Three Core Ideas are at the foundation of CIRTL programming: Teaching as Research, Learning Communities, and Learning through Diversity. As participants demonstrate increasing mastery of these concepts and their application, they are eligible to receive nationally-recognized certificates of achievement in evidence-based teaching and mentorship practices.
In order to receive a CIRTL certificate, participants must meet learning outcomes at each level. At the Associate level, there are many flexible coursework and workshop options to pursue an individualized pathway to familiarity with the learning outcomes.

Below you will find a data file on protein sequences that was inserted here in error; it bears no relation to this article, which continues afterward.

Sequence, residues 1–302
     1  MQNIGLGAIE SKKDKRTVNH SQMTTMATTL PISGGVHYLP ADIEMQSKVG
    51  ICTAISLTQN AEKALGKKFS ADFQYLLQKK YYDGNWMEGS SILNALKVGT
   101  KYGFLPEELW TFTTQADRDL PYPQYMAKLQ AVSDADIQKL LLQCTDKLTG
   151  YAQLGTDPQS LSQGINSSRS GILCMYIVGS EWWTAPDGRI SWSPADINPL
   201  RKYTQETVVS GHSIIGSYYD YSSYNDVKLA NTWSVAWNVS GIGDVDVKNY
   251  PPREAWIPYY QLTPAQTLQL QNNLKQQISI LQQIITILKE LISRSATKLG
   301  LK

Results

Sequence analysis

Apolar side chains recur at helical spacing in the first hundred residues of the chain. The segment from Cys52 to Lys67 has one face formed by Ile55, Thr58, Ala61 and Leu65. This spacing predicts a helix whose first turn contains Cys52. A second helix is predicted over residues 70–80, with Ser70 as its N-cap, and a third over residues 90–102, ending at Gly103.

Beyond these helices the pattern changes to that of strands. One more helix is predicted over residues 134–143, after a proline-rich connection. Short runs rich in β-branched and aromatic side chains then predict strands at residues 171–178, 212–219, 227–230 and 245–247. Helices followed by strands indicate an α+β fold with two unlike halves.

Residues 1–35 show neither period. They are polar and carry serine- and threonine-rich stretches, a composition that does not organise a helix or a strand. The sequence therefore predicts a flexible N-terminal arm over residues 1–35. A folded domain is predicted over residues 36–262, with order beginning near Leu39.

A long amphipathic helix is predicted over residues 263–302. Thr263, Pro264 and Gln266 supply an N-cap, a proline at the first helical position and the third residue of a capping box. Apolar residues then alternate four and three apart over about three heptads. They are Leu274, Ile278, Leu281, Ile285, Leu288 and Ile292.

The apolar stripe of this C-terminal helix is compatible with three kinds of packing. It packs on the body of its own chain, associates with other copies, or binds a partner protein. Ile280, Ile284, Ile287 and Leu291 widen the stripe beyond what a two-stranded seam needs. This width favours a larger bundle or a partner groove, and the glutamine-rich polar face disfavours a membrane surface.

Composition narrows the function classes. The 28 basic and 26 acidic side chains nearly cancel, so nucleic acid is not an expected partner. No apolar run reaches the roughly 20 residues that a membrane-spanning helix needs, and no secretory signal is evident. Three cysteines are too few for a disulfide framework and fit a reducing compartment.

The major requirement for CIRTL Practitioner level certificate status is to design and conduct a pilot-scale Teaching as Research project. (This can be done through participation in the Scholarship of Teaching and Learning Program, engagement with Discipline-Based Education Research, or other means.) However, the list below indicates some of the content and skills frequently involved in doing so.
CIRTL Scholars have contributed to the evidence base of knowledge about best practices for teaching and mentorship through peer-reviewed publication or conference presentation.